It looks like you're using an Ad Blocker.

Please white-list or disable AboveTopSecret.com in your ad-blocking tool.

Thank you.

 

Some features of ATS will be disabled while you continue to use an ad-blocker.

 

What about Tacitus? Historical 'Christus' reference

page: 7
53
<< 4  5  6    8  9  10 >>

log in

join
share:

posted on Oct, 9 2014 @ 12:18 PM
link   

originally posted by: Cogito, Ergo Sum

originally posted by: Utnapisjtim

originally posted by: Cogito, Ergo Sum

originally posted by: Utnapisjtim
a reply to: Cogito, Ergo Sum

Oy vey! Look up! I'd love a copy of 'Hitler Homer Bible Christ'




Nah, I agree with Carrier on many things, but even I find him boring.


A book with a title like that can hardly be boring. Seriously, I might just go ahead and get it. Better design than my Complete Tacitus too.


Only $10.24 for the kindle version.
www.amazon.com.au...


I realised that. There's even an audible one available. 8 years of professional, educated internet trolling. Nice to have lying around when the post-apocalypse arrives. Gonna miss all this.




posted on Oct, 9 2014 @ 12:21 PM
link   

originally posted by: Utnapisjtim

originally posted by: Cogito, Ergo Sum

originally posted by: Utnapisjtim

originally posted by: Cogito, Ergo Sum

originally posted by: Utnapisjtim
a reply to: Cogito, Ergo Sum

Oy vey! Look up! I'd love a copy of 'Hitler Homer Bible Christ'




Nah, I agree with Carrier on many things, but even I find him boring.


A book with a title like that can hardly be boring. Seriously, I might just go ahead and get it. Better design than my Complete Tacitus too.


Only $10.24 for the kindle version.
www.amazon.com.au...


I realised that. There's even an audible one available. 8 years of professional, educated internet trolling. Nice to have lying around when the post-apocalypse arrives. Gonna miss all this.





posted on Oct, 9 2014 @ 12:52 PM
link   
a reply to: Utnapisjtim

As you said yourself, his work was 116 A.D. meaning, He was right around the time where the Romans were building up Christianity. If his work was around 1-20 A.D. it would be a lot more credible. 116 A.D means Jesus died and 116 years later some guy writes a book that mentions word remotely relevant to the current miss-translation of the person's name who people pray to.



posted on Oct, 9 2014 @ 01:03 PM
link   
a reply to: Heruactic

Just for fun. Would you say today's historians know less or more about the outbreak of WW1 than the historians living 100 years ago? There is a difference between reporters and historians. The Evangelion is the news. Tacitus et al are the historians.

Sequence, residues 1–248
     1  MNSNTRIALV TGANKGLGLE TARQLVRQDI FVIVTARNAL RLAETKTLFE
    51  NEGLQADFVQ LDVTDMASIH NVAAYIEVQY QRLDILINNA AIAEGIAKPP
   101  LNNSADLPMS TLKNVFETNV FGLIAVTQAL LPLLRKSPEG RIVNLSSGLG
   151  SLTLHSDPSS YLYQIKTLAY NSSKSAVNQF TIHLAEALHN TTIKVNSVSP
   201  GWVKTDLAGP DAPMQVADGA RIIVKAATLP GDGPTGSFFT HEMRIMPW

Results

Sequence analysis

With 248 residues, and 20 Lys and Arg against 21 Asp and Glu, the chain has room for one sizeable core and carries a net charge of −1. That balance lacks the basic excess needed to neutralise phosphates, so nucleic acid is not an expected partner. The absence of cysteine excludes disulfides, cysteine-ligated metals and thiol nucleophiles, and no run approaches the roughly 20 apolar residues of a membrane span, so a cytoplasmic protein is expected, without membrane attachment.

edit on 9-10-2014 by Utnapisjtim because: ...



posted on Oct, 9 2014 @ 01:08 PM
link   

originally posted by: Cogito, Ergo Sum
The earliest Tacitus works themselves have been tampered with, this is a fact. Whether the passage itself existed originally, or to what extent it was changed, isn't so certain either. At best he is repeating urban myth, at worst it is Christian forgery.

rationalwiki.org...

Quoting rational wiki on a debate about historical Jesus is a bit like letting George Bush decide if Americans won 'the war' in Iraq.



posted on Oct, 9 2014 @ 04:00 PM
link   
a reply to: Utnapisjtim

Just for fun. Today we have multiple sources recording history and if there are contradictions with just 1 source, we know it is false since we have many others. Back then 500-1900 years ago historians faced following issues.
1 - no one gave a frying duck about history, except for select few.
2 - Inquisition.
3 - book burning.
4 - Lack of backup copies.
5 - politicians who wanted to write themselves as heroes.
There are others, but i do not claim to know for sure. We can draw parallels to today's media. Look at the bible, it literally had parts removed from it. Doctoring was easier too. These days there is a backlog for everything on some private server. Even the terms and conditions on Google.com from when it was first launched and every version that was changed since then. If i was a person writing a book in 100 AD and i wrote that jesus had 3 testicles, there would not be a single text to disprove me and today it would be viewed as a mark of god if someone had 3 balls.